Conference Coverage

Symptoms fail to predict benefit of hormone therapy in older adults with subclinical hypothyroidism

Key clinical point: Hypothyroid-type symptoms do not predict treatment benefit in older adults with subclinical hypothyroidism.

Major finding: Patients had statistically indistinguishable improvements at 1 year in hypothyroid symptoms scores (P = .90) and Tiredness scores (P = .80) whether given levothyroxine or placebo.

Data source: A subgroup analysis of older adults with subclinical hypothyroidism having higher baseline levels of overall hypothyroid symptoms (n = 132) or tiredness (n = 209) (TRUST trial).

Disclosures: Dr. Bauer disclosed that he had no relevant conflicts of interest. The trial was funded by the European Union, Swiss National Science Foundation, Swiss Heart Foundation, and Velux Stiftung. Merck supplied study drug.


 

AT ATA 2017

Thyroid hormone therapy works no better than placebo for making older adults with subclinical hypothyroidism feel better, even when they have a higher symptom burden, according to findings from a study reported at the annual meeting of the American Thyroid Association.

“In the U.S., individuals are frequently treated either for just a number – just because their thyroid-stimulating hormone (TSH) is elevated – or for nonspecific hypothyroid-type symptoms, such as weight gain, cold intolerance, and such. It’s extremely common,” lead investigator Douglas Bauer, MD, professor and internist at the University of California, San Francisco, commented in an interview.

Susan London/Frontline Medical News
Dr. Douglas Bauer


“On average, this study suggests that you shouldn’t be using hypothyroid-type symptomatology to treat subclinical hypothyroidism,” he said, while also acknowledging that not writing that prescription can be challenging. “It’s hard to do nothing, I know.”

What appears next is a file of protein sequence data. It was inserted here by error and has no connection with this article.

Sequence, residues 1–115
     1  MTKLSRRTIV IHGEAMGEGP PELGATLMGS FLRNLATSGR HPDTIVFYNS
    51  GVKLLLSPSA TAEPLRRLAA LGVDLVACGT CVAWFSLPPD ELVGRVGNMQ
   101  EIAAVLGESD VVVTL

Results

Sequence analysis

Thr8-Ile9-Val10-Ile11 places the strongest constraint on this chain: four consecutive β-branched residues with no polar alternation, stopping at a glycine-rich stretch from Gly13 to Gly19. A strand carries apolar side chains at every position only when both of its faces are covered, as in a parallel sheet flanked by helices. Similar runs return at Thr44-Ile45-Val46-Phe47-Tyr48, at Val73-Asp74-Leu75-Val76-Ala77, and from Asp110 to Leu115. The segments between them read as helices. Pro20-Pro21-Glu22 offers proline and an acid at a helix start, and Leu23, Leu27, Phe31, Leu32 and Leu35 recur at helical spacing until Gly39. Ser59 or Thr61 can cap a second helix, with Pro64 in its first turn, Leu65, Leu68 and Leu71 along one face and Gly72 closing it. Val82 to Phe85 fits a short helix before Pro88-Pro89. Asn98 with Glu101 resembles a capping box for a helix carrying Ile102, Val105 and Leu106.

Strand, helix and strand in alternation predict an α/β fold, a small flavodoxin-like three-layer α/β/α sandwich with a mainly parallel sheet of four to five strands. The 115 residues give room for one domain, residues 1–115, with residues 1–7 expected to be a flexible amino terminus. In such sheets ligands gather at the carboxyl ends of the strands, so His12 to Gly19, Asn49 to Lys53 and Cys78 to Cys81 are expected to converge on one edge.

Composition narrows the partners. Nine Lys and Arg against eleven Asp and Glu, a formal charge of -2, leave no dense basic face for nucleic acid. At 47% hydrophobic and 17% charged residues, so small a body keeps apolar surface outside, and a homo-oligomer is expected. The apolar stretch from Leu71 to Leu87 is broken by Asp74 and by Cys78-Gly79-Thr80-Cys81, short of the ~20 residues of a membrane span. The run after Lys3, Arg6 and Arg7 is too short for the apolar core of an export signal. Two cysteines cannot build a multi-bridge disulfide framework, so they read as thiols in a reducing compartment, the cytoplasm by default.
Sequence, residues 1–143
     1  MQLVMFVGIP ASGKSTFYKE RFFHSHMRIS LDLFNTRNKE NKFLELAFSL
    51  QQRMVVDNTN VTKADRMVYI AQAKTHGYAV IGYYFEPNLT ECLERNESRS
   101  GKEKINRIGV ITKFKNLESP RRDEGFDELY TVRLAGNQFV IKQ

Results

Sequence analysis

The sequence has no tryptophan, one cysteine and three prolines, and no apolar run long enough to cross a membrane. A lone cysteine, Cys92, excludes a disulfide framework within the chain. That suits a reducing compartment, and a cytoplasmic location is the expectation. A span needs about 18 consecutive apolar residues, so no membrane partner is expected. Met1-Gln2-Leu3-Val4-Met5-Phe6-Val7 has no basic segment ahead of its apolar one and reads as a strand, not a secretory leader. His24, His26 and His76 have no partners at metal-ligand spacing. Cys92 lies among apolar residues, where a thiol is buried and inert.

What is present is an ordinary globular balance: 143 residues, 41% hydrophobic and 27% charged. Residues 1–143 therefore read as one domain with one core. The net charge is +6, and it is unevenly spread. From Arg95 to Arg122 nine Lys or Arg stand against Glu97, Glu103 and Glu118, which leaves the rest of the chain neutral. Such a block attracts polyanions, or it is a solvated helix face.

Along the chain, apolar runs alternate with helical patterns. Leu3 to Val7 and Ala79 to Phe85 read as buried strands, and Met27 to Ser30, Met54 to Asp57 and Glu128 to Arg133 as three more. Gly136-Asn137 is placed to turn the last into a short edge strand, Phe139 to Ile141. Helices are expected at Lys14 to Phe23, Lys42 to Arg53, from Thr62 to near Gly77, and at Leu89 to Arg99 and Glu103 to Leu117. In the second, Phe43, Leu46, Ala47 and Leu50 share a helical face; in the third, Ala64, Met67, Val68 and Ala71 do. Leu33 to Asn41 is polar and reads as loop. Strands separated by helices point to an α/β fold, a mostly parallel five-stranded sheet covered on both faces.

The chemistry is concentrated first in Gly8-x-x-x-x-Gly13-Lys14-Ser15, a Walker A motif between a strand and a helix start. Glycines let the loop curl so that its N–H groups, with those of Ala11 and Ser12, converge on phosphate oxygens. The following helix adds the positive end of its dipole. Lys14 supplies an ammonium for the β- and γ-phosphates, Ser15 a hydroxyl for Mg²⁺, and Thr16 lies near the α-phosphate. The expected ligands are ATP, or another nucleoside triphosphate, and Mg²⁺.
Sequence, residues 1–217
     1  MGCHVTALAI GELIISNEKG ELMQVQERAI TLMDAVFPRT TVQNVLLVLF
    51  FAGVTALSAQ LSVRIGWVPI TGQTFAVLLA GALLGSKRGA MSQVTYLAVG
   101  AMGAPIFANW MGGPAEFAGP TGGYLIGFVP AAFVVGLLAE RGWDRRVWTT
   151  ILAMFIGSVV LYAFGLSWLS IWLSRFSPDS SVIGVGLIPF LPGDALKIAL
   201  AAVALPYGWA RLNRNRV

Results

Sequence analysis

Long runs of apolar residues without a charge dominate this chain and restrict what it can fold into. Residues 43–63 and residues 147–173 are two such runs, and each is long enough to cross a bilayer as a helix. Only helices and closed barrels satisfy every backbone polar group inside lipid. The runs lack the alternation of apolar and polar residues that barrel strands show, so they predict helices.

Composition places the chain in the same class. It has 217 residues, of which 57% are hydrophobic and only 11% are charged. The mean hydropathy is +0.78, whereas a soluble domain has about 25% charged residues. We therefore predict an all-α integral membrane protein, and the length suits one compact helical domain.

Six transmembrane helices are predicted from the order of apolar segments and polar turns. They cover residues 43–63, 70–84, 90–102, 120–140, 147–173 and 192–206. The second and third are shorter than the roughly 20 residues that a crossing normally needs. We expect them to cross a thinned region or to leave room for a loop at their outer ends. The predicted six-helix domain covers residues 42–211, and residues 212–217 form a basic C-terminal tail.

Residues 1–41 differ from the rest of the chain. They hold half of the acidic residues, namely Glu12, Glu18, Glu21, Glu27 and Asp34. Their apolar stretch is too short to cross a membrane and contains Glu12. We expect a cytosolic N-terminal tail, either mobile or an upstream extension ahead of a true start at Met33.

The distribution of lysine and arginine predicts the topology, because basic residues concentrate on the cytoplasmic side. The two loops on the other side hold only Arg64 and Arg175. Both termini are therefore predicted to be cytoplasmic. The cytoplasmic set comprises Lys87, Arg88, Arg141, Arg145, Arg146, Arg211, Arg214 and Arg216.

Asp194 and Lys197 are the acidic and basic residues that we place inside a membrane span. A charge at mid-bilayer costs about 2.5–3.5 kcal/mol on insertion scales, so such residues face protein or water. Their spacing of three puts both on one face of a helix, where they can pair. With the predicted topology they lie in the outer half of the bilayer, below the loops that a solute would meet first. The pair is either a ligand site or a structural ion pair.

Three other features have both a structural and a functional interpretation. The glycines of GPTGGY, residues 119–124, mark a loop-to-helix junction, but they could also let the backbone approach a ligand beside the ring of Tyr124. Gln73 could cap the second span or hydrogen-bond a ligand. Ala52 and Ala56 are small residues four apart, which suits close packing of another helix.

Dr. Bauer and his coinvestigators performed a subgroup analysis of the randomized controlled TRUST trial (Thyroid Hormone Replacement for Subclinical Hypothyroidism), conducted in Switzerland, Ireland, the Netherlands, and the United Kingdom. In the trial, 737 adults aged 65 years or older with persistent subclinical hypothyroidism (TSH level, 4.60-19.99 mIU/L, with normal free thyroxine level) were given either levothyroxine or placebo on a double-blind basis.

Results for the entire trial population, previously reported, showed that at 1 year, patient-reported symptoms on a thyroid-specific quality-of-life questionnaire had improved by a similar extent in both groups, with no significant differences between them (N Engl J Med. 2017;376:2534-44).

The new analysis focused on two subgroups that might be especially expected to benefit: 132 patients with a hypothyroid symptoms score greater than 30 on a 100-point scale and 209 patients with a tiredness score greater than 30 on a 100-point scale.

Results reported in a poster session showed that at 1 year, scores had improved by about 10 points with levothyroxine and placebo alike, with no significant difference, in both the group with higher hypothyroid symptoms scores (P = .90) and the group with higher tiredness scores (P = .80).

“This provides additional evidence that it’s unlikely that the treatment of subclinical hypothyroidism, at least in this population, is going to lead to symptomatic improvement,” Dr. Bauer commented.

“I would speculate that we’ve overestimated the benefit [of thyroid hormone therapy] on symptoms based on the fact that previous studies haven’t been blinded,” he said, noting that the TRUST trial used a rigorous blinding protocol, even going so far as to change the appearance of placebo pills to convince patients in the placebo group that their dose was being titrated.

A potential criticism is that the treatment was not aggressive enough, with patients in the levothyroxine group achieving a mean TSH level of 3.6 mIU/L, according to Dr. Bauer. “I think many people treating with thyroxine would like to see this TSH fall into the 2 mIU/L to 3 mIU/L range,” he acknowledged.

Taken together, the trial’s overall and subgroup findings do not rule out potential benefit for certain patients, he cautioned. For example, patients with very high symptom burden and patients with baseline TSH levels greater than 10 mIU/L were too few for separate analysis, and younger adults were not included at all.

Additionally, treatment impact on other important clinical outcomes – cardiovascular events and fractures – could not be assessed in TRUST because of insufficient enrollment.

Dr. Bauer disclosed that he had no relevant conflicts of interest. The trial was funded by the European Union, Swiss National Science Foundation, Swiss Heart Foundation, and Velux Stiftung. Merck supplied study drug.
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